Sweatshop raids lead to 55 arrests in Los Angeles

LOS ANGELES (AP) Immigration agents stormed three suspected underground sweatshops and took 55 people into custody yesterday.

The raids followed a nationally publicized sweep three weeks ago of a sweatshop in El Monte, where authorities discovered 72 Thai nationals imprisoned and forced to sew clothes for up to 150 hours a week.

Yesterday's raids at three Los Angeles buildings were prompted by a tip that was made soon after the El Monte raid, said Richard K. Rogers, district director of the U.S. Immigration and Naturalization Service.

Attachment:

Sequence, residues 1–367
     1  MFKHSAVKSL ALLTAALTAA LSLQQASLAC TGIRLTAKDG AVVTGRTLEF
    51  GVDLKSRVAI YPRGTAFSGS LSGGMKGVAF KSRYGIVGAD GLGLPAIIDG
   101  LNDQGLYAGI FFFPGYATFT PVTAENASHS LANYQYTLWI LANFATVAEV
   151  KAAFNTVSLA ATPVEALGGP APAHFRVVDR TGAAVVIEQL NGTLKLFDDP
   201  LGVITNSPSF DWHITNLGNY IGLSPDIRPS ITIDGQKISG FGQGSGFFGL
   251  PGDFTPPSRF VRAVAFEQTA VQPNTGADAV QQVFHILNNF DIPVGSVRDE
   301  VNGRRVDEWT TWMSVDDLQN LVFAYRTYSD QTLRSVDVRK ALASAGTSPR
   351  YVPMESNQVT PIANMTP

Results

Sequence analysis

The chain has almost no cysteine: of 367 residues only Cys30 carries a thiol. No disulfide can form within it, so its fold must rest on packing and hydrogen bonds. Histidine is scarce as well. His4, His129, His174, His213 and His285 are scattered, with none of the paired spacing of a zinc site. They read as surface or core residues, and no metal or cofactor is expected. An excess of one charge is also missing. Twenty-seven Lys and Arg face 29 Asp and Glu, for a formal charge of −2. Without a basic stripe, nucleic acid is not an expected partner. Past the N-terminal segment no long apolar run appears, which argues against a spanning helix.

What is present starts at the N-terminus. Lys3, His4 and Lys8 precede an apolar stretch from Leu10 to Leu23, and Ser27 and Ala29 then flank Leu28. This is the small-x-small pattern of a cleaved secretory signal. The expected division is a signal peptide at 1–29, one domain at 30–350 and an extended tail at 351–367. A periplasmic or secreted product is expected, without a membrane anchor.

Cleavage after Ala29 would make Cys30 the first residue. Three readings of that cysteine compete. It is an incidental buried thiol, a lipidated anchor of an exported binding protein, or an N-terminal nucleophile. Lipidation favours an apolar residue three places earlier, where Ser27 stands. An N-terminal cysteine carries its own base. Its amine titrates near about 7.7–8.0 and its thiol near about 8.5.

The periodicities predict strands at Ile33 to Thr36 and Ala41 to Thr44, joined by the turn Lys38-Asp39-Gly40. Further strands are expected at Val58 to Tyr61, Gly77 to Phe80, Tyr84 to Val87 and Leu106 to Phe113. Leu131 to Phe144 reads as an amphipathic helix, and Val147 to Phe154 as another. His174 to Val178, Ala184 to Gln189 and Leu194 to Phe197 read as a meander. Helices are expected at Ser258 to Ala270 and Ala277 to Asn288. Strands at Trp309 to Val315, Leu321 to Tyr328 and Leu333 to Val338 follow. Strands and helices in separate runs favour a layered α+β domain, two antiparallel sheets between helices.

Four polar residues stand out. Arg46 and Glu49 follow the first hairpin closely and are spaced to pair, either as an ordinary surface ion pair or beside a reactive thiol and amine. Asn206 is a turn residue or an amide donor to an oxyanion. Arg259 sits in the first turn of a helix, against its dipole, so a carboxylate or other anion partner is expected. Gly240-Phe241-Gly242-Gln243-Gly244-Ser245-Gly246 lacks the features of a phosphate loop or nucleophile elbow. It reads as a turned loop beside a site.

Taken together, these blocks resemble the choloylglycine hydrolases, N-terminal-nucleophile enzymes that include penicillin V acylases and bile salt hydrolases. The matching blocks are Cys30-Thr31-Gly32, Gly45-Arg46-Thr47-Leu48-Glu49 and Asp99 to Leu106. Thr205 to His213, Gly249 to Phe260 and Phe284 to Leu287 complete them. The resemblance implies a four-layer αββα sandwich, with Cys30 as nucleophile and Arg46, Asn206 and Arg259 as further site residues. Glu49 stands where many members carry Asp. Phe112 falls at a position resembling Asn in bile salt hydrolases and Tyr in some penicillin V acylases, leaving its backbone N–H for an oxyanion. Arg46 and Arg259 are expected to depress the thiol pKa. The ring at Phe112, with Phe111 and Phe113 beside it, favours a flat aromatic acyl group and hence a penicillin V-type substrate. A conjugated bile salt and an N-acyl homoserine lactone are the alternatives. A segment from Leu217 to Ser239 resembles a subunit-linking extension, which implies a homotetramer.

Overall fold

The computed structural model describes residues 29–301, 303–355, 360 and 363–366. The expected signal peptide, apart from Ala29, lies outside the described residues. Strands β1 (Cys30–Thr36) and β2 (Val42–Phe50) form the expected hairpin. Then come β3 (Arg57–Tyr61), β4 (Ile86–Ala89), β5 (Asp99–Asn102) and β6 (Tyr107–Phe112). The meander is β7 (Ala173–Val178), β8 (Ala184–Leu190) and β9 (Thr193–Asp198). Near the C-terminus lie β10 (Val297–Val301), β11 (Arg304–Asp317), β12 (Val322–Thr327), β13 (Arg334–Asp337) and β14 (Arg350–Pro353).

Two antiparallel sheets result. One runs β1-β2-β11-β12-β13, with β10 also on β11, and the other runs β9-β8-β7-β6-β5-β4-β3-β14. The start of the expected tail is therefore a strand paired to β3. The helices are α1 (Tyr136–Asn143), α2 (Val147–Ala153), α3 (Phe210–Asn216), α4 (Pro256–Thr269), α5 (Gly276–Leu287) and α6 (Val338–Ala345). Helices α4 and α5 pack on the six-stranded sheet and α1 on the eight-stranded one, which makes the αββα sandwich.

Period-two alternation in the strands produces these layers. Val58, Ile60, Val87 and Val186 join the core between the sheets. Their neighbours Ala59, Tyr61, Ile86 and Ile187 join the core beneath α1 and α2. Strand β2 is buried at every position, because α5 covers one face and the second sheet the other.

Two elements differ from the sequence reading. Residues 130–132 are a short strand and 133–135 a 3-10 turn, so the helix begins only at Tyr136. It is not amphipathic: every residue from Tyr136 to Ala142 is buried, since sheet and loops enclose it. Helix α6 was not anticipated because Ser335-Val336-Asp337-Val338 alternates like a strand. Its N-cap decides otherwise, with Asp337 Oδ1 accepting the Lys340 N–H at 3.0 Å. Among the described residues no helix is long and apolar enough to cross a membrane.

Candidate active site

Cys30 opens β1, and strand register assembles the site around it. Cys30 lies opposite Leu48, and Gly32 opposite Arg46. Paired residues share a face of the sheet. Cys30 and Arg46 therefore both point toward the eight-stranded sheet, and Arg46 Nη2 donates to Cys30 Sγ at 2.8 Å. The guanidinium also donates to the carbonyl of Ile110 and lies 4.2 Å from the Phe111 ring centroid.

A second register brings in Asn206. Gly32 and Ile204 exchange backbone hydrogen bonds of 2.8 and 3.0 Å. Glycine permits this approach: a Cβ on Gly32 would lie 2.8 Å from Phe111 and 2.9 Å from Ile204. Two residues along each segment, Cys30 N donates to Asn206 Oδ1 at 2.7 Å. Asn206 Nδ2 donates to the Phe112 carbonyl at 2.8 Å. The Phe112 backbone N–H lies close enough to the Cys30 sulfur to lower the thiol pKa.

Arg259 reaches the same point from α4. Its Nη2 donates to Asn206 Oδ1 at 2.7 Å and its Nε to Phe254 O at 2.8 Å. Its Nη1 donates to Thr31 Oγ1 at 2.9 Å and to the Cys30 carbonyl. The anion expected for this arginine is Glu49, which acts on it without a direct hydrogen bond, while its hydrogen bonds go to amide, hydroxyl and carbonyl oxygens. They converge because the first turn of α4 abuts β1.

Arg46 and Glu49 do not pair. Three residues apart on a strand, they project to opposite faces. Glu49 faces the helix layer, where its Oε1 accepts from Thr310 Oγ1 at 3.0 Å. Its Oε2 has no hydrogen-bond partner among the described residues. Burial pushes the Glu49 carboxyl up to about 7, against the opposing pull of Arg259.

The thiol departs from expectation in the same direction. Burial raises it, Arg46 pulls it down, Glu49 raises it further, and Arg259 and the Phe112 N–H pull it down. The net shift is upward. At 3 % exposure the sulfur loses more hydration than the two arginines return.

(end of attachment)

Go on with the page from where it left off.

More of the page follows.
''The tremendous publicity in the El Monte case has heightened public awareness about the problem,'' Rogers said.

All but three of those taken into custody yesterday were illegal immigrants from Thailand, Mexico, Central America or South America, authorities said.

Officials say the premises seemed crowded and there were indications that the workers also lived there, but none seemed to have been held against their will.

INS officials believe that the Thai nationals were brought over to work in the sweatshops until they had repaid the cost of their passage, Rogers said.

The U.S. attorney's office and Department of Labor were investigating possible criminal violations, authorities said.

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